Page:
(Review) How To Read Literature by Terry Eagleton

Publication Date: 2013
Publisher: Yale University Press
Genre: Nonfiction, critique of reading literature
Pages: 232
Source: Library
Rating: 4 stars for very good


How To Read Literature is written for readers who want to understand how to analyze a work of literature.
In five chapters, Terry Eagleton, organizes the book.
Chapter One: Openings
Chapter Two: Character
Chapter Three: Narrative
Chapter Four: Interpretation
Chapter Five: Value
Eagleton's explanation of a "literary work...is one in which what is said is to be taken in terms of how it is said. It is the kind of writing in which the content is inseparable from the language in which it is presented."  Page 3.

My Thoughts:
I've read and reviewed long enough to discern certain elements while reading a work of literature. For example: symbolism, character development, external and internal conflicts, point of view, believability, and clarity.
How To Read Literature gives examples through works of literature in showing five ways of analyzing. Eagleton uses classic literature examples to show his point: Wuthering Heights, A Passage to India, Jane Eyre, Macbeth, the Bible, Pride and Prejudice, and Great Expectations.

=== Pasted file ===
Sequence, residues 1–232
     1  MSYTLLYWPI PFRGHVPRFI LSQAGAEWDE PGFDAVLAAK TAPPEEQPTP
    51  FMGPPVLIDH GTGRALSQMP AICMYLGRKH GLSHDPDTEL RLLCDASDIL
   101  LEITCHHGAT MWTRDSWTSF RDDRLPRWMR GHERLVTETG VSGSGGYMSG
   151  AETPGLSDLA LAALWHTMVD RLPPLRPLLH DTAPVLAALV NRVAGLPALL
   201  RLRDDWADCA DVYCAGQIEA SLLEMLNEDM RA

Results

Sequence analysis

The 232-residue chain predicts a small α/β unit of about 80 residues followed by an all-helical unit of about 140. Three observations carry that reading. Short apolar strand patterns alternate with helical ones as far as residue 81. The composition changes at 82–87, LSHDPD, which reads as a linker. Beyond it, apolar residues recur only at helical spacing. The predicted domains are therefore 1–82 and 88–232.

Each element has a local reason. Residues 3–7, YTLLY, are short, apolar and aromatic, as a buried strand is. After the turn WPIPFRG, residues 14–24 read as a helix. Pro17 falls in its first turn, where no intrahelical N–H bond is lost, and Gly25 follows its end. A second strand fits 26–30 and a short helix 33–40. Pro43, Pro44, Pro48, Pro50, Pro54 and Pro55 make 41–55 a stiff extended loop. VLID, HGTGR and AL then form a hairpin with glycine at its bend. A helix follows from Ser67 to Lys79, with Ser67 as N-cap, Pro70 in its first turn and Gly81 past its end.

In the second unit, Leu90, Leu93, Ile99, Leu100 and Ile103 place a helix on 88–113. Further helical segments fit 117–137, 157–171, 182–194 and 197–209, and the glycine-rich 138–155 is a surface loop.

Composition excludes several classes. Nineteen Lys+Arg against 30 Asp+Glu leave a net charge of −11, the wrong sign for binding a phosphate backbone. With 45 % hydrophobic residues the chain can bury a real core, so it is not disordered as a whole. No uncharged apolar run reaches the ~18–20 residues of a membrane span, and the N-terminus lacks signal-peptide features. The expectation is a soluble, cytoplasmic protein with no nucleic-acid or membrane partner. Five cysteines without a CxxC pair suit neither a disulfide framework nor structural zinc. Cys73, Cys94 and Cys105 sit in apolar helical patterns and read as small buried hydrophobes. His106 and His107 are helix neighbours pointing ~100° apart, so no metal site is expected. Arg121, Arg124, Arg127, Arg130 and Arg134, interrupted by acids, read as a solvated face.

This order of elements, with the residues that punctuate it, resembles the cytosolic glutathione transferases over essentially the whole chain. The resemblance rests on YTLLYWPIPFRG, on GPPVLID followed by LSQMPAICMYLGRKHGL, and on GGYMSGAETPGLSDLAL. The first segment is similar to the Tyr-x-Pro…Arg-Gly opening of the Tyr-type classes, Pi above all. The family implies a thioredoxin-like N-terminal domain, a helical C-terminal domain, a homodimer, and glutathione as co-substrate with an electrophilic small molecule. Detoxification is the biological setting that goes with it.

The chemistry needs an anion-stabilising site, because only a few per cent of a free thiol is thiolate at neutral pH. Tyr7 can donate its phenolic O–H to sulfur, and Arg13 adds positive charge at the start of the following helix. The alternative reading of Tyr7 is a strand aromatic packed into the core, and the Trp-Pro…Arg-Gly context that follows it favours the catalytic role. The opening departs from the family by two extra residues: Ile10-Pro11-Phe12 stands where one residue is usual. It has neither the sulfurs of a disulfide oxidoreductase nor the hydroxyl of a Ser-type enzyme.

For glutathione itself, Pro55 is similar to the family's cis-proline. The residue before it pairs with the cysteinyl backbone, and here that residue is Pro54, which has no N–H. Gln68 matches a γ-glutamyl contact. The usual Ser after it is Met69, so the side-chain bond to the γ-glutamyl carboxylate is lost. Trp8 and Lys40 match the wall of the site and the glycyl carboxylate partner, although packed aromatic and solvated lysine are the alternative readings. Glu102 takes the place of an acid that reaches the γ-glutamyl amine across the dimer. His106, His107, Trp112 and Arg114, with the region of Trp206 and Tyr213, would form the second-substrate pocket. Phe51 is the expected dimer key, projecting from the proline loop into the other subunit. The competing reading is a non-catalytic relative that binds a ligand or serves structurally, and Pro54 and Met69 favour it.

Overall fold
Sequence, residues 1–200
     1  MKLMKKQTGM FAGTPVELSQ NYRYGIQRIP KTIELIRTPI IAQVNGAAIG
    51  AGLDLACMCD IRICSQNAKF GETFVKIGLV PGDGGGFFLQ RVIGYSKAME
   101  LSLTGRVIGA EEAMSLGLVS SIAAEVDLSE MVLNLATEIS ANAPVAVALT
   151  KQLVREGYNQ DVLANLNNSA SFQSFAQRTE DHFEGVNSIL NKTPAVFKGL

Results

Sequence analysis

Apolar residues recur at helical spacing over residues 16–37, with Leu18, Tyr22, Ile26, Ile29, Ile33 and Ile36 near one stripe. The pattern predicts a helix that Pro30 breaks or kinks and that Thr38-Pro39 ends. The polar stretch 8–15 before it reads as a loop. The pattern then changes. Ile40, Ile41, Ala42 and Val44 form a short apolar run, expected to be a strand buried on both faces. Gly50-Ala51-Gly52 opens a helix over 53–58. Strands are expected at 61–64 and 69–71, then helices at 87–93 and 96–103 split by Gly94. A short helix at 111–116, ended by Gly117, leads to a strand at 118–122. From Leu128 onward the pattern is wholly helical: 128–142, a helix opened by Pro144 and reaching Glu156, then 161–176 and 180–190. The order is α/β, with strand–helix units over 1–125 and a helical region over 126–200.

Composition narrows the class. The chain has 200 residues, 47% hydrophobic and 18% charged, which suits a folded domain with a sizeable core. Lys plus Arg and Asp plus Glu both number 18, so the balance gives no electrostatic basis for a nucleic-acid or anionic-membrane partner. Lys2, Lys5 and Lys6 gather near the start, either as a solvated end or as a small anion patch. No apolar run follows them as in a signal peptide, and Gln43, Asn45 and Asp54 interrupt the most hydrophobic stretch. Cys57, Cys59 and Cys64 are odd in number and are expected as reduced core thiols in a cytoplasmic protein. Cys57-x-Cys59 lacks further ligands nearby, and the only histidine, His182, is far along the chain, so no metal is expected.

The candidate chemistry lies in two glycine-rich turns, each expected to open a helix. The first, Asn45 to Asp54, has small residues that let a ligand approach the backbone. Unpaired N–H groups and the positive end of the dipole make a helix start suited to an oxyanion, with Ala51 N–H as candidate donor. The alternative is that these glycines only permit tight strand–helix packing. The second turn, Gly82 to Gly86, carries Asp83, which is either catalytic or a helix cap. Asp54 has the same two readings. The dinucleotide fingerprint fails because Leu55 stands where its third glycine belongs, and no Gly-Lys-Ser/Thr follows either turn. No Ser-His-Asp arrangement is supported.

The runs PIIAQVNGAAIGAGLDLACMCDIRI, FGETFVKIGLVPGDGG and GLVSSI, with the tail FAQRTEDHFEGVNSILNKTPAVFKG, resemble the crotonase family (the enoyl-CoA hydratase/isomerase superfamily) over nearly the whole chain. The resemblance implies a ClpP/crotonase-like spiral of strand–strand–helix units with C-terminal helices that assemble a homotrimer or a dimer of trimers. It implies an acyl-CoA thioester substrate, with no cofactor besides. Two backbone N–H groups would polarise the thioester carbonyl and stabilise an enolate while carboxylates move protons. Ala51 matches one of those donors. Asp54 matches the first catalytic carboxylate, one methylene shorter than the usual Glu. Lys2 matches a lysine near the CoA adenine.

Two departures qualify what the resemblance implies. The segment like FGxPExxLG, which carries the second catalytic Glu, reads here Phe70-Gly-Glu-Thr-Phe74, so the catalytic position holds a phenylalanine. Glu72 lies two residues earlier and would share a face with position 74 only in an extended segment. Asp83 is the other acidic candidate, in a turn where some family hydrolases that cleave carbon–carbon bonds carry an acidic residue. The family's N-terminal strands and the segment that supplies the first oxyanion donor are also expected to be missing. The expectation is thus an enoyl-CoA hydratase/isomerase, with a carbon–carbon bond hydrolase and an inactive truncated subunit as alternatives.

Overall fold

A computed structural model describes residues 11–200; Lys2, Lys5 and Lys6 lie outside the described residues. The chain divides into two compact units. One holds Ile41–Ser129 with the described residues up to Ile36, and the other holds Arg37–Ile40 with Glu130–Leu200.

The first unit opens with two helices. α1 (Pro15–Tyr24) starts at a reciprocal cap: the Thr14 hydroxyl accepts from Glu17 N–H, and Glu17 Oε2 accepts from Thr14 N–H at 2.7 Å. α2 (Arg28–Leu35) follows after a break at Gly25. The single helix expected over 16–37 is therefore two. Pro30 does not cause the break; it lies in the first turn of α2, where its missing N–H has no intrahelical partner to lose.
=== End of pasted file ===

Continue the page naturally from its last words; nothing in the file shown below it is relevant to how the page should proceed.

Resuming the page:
One of the first interesting things I learned is "Literary works quite often know things that the reader does not know, or does not know yet, or will never know." Page 14. I've never considered this thought. In future literature books I read, I plan to take action in looking for what the work might know and has not revealed.
A favorite chapter in the book is on characters. I love strong characters. I don't have to like them, I just want them to be strong in either good or bad points. Jane Eyre is used as an example of an "agreeable heroine." She is a character who has hidden agendas that even she might not be aware. Jude the Obscure analyzes the characters: Jude, Arabella, and Sue. Jude the Obscure is a story I read recently and had already discovered Sue's unusual and fickle persona. She is a conflicted person. Eagleton reminded me the reader "sees her through Jude's eyes."